Home News Freddy Fermin hits walk-off in Royals’ win over Guardians

Freddy Fermin hits walk-off in Royals’ win over Guardians

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KANSAS CITY — For a moment, it looked like the Royals would sustain another heartbreaking loss in a season of too many losses when José Ramírez successfully stole home in the top of the 10th inning on Thursday afternoon.

But Freddy Fermin had other ideas. The Royals backup catcher laced a two-run, pinch-hit double for a 4-3 walk-off win in 10 innings over the Guardians at Kauffman Stadium, Fermin’s second career walk-off RBI.

“He’s a great guy to have in the clubhouse, always ready,” Nicky Lopez said. “High-motor guy, and the situation is never too big for him. Couldn’t have been a better person.”

Fermin’s moment offered a bit of respite from what has already been a long season before even hitting the All-Star break. As the Royals hit the halfway mark of the season with Game 81 on Thursday, they remain the second-worst team in baseball and 35 games under .500 at 23-58.

There was an understanding entering this year that the Royals would not be contenders and that their evaluation of a young offense and implementation of new processes and ideas throughout the organization on the pitching side would take time.

But there is plenty of frustration about where Kansas City stands. Royals chairman and CEO John Sherman acknowledged he thought his team would be farther along in improvement than where the Royals are now.

“I feel accountable for where we are right now with our baseball team,” Sherman said Thursday morning during a midseason press conference. “We are committed to doing what it takes to return to form and develop a playoff-caliber team here in Kansas City. We made meaningful changes both on and off the field last year that were necessary. But this is a real year of evaluation. And that evaluation right now is painful.”

In an hour-long press conference dominated by new stadium questions, Sherman sprinkled in some comments about the Royals’ on-field performance. He maintained that getting the Royals — a team on pace for 116 losses and its seventh consecutive losing season — back to the postseason is his priority.

He expressed “total confidence” in general manager J.J. Picollo and manager Matt Quatraro, too, in their first year implementing changes made throughout the offseason.

“[Quatraro] and [Picollo] knew what they were taking on here,” Sherman said. “And what I appreciate about their approach, particularly with a young group like we have today, is the growth mindset. Keeping these players even and focusing on their processes and continuous improvement. … At the end of the day, this is a performance business. This is about results, and results in baseball are about wins and losses. We have some ground to cover.”

At the Aug. 1 Trade Deadline, the Royals will be sellers, looking to supplement their young core at the Major League level while building out their farm system. And in the second half, the evaluation will continue, with the Royals getting an extended look at more of their depth.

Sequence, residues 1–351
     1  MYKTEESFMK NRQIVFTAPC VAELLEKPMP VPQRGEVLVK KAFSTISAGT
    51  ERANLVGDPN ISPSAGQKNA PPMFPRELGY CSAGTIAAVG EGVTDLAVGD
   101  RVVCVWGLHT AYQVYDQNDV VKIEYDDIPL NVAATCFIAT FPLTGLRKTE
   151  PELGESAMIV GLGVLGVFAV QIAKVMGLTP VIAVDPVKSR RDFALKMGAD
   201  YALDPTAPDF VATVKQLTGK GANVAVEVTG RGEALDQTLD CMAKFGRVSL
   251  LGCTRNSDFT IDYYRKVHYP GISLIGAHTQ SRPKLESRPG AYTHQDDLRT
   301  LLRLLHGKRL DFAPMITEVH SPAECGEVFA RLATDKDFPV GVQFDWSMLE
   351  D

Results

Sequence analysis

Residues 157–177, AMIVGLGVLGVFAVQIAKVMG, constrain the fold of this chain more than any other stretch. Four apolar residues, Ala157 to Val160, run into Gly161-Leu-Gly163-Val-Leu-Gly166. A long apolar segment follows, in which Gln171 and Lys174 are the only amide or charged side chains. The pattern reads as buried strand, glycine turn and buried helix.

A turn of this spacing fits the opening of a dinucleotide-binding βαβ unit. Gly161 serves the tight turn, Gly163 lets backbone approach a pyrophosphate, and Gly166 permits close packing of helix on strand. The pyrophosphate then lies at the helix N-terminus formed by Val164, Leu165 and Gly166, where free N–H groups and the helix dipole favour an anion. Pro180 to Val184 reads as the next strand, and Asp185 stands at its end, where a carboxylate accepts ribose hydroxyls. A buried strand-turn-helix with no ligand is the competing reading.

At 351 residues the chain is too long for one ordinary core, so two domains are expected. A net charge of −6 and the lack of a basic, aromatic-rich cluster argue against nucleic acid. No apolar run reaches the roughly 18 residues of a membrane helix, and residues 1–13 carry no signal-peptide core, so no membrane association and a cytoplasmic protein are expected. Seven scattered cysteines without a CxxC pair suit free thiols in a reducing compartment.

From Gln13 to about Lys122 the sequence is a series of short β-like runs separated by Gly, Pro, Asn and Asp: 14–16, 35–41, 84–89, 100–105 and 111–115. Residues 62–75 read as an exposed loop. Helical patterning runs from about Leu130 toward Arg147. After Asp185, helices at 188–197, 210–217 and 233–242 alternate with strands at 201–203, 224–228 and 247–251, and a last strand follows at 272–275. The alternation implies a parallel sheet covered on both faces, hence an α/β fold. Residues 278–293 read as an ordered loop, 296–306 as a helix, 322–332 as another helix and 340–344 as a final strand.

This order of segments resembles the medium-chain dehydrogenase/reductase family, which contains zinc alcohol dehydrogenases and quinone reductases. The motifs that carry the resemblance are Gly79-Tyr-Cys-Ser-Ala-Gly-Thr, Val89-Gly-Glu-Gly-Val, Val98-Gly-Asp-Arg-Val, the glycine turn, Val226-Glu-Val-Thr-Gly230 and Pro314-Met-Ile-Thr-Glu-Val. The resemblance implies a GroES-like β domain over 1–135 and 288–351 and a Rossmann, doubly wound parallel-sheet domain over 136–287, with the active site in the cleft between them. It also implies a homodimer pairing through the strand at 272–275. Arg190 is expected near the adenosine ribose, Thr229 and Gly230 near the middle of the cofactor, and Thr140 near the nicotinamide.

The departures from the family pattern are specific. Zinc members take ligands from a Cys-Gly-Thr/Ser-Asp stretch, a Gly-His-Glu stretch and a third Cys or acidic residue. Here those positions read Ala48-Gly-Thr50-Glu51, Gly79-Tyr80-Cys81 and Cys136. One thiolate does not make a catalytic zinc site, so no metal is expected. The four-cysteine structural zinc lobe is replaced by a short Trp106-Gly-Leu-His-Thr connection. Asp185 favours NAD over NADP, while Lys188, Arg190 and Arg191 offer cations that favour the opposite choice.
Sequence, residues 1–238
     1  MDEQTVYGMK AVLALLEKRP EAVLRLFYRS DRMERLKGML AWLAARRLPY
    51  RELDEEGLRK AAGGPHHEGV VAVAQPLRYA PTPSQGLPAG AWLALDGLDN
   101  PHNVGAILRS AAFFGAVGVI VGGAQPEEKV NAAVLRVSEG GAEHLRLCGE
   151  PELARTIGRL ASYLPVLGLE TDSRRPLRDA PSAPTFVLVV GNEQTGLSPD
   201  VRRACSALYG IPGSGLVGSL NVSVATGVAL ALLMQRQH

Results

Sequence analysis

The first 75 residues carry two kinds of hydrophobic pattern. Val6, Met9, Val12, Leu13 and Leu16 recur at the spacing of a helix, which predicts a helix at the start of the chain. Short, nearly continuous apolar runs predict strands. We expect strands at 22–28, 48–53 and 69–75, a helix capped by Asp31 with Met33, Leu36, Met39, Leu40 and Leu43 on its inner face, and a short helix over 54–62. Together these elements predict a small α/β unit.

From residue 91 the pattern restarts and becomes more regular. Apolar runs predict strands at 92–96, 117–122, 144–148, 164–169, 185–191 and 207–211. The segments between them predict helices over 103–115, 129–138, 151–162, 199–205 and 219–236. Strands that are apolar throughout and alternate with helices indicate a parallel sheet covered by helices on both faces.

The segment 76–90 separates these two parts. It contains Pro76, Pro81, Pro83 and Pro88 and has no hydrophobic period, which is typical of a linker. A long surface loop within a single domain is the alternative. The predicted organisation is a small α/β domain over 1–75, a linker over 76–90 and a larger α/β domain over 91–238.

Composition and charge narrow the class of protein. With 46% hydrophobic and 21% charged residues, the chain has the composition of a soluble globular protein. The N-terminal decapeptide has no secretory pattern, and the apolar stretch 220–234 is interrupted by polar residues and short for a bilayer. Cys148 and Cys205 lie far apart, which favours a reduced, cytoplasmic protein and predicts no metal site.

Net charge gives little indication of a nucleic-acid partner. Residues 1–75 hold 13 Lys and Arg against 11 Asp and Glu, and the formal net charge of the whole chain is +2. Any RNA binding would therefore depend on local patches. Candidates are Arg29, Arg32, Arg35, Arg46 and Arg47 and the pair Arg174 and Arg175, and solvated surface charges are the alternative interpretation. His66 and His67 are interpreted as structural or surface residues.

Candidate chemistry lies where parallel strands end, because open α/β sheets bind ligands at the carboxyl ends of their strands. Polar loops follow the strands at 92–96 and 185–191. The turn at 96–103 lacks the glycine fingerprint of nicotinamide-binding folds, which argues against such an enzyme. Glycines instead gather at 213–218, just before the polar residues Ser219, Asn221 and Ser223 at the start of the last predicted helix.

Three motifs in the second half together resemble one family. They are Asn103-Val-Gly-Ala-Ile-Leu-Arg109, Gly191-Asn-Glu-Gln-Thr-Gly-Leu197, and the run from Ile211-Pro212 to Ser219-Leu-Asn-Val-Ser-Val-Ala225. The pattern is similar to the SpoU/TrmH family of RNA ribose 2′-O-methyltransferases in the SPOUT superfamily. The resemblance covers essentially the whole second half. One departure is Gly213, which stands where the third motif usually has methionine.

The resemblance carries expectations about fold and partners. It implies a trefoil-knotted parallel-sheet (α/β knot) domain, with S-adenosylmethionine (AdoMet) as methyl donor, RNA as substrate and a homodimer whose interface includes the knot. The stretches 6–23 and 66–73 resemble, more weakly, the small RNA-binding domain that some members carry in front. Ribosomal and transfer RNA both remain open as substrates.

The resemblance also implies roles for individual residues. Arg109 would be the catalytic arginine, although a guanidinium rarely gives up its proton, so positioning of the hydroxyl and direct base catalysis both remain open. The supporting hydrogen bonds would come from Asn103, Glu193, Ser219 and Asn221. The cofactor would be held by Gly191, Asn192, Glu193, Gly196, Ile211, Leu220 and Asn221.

That starts Friday, when No. 14 prospect Alec Marsh will make his debut against the Dodgers with Jordan Lyles out with an illness.

The second-half evaluation will help them formulate a plan for a crucial upcoming offseason.

“We’re ready to spend some money,” said Sherman, although when exactly that will be is unclear. “But it’s about the missing pieces of the puzzle to make sure we’re ready to compete and get back to the postseason.”

And the Royals look for improvement from the group they have in the Majors now. That can be challenging as the losses pile up, but the message from the coaching staff remains consistent.

“One thing we’ve learned as a team is not underestimating how hard this game is and how much growth we still have in front of us,” Quatraro said. “I think the mindset of getting better each day is something that we’re challenging ourselves with. … We’ve had some good parts and things we feel really good about. There are a lot of things we know, and these guys are honest with themselves, that we need to improve.”

As frustrating as this season is, players understand that mindset.

“Constantly going back and asking myself, ‘What could I have done here to help in what type of way?’” shortstop Bobby Witt Jr. said. “Right now, I feel like we have to do everything perfect to get things going. So I’m trying not to do that because it doesn’t help.

“It doesn’t happen overnight. It’s a process. We’ve got to trust everyone is working to get better every day. You have to care. It hurts me to lose. It’s tough. You really have to find a good mindset, and that’s what I’m trying to do. Take it pitch-by-pitch, play worry-free baseball and go out there every day giving 100%.”

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